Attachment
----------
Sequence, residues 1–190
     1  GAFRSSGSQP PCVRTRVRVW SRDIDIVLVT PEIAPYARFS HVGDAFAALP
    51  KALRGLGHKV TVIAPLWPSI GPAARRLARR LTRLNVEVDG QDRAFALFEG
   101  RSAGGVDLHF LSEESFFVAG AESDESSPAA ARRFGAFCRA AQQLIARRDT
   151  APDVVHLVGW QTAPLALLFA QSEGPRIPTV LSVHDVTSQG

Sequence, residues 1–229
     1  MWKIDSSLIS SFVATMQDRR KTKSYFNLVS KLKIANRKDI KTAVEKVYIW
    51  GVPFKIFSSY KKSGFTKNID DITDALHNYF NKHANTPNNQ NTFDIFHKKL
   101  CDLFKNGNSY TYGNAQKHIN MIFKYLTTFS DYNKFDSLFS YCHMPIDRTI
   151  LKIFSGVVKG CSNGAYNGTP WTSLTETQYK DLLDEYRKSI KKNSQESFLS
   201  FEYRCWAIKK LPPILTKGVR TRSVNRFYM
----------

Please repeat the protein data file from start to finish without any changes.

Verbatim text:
Sequence, residues 1–190
     1  GAFRSSGSQP PCVRTRVRVW SRDIDIVLVT PEIAPYARFS HVGDAFAALP
    51  KALRGLGHKV TVIAPLWPSI GPAARRLARR LTRLNVEVDG QDRAFALFEG
   101  RSAGGVDLHF LSEESFFVAG AESDESSPAA ARRFGAFCRA AQQLIARRDT
   151  APDVVHLVGW QTAPLALLFA QSEGPRIPTV LSVHDVTSQG

Sequence, residues 1–229
     1  MWKIDSSLIS SFVATMQDRR KTKSYFNLVS KLKIANRKDI KTAVEKVYIW
    51  GVPFKIFSSY KKSGFTKNID DITDALHNYF NKHANTPNNQ NTFDIFHKKL
   101  CDLFKNGNSY TYGNAQKHIN MIFKYLTTFS DYNKFDSLFS YCHMPIDRTI
   151  LKIFSGVVKG CSNGAYNGTP WTSLTETQYK DLLDEYRKSI KKNSQESFLS
   201  FEYRCWAIKK LPPILTKGVR TRSVNRFYM